The rapid change in technology over the last five years has been nothing short of astounding, we have seen established brands such as Blackberry and Nokia go from market dominance to struggling underdogs. We’ve seen the dominance of Apple, the beauty of the multitouch capacitive screen and the lightning in a bottle that is the well developed ecosystem. As exciting as they have been, I don’t think its going to hold a candle to 2012.
I say this for a number of reasons:
- It has taken time for smartphones to be ready for consumers
- It has taken time for consumers to be ready for smartphones
- Platform App stores are now the defacto content delivery mechnisim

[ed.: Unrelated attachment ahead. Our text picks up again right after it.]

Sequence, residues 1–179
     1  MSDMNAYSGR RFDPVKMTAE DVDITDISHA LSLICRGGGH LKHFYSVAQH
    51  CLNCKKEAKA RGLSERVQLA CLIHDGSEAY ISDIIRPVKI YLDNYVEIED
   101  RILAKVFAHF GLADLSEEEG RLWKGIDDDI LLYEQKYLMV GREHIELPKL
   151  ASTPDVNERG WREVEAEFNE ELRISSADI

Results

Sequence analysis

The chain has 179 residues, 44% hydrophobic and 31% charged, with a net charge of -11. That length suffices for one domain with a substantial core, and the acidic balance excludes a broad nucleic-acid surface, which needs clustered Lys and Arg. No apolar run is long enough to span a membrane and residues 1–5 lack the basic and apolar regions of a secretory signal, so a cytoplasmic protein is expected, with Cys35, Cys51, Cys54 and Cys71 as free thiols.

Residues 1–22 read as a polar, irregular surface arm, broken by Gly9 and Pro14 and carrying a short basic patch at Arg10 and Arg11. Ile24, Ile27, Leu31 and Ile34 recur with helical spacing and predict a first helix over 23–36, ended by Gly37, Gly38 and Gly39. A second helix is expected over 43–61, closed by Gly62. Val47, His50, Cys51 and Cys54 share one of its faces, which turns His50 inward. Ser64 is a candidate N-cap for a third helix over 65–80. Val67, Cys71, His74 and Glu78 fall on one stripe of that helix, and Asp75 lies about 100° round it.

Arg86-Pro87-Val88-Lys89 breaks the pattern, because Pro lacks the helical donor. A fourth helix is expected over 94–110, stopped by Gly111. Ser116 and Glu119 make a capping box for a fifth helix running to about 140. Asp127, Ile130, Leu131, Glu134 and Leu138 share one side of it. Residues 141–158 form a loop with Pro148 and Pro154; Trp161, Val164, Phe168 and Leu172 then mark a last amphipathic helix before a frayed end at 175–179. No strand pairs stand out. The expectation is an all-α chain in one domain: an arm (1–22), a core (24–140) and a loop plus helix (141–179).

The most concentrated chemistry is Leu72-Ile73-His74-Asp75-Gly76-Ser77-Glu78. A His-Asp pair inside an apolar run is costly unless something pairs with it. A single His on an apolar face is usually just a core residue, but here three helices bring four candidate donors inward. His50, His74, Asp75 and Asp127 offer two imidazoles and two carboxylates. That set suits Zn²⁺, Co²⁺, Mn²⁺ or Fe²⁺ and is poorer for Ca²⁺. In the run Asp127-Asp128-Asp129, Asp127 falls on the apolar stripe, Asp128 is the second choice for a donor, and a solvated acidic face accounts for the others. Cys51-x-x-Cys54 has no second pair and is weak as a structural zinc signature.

- Developers are now empowered with tools and easy (ish) languages and more importantly are finally getting the respect and recognition they deserve.
We now have an educated consumer base, who want to purchase apps and services, demand more from their phone and expect it to be delivered faster. We have a mature ecosystems where you can buy movies, tv shows, games, utilities and more all under one well designed roof. But more importantly all companies understand that they need to have a mobile strategy and continue to invest in it.
Now it would be foolish to not to mention the most dominant force in mobile today, Apple. Apples’ success has been nothing short of phoenix like, from being 90 days from bankrupcy in 1996, to being one of the worlds richest companies in 2011. Its products are beautifuly engineered and executed, popular and aspirational. The App Store is the number one player in the game and to some the only player. Its users buy more and spend longer using their apps. Apple will not be dislodged from its position in 2012 or 2013 for that matter.
However to modify a phrase used by Steve Jobs: For other companies to win, Apple doesn’t have to lose.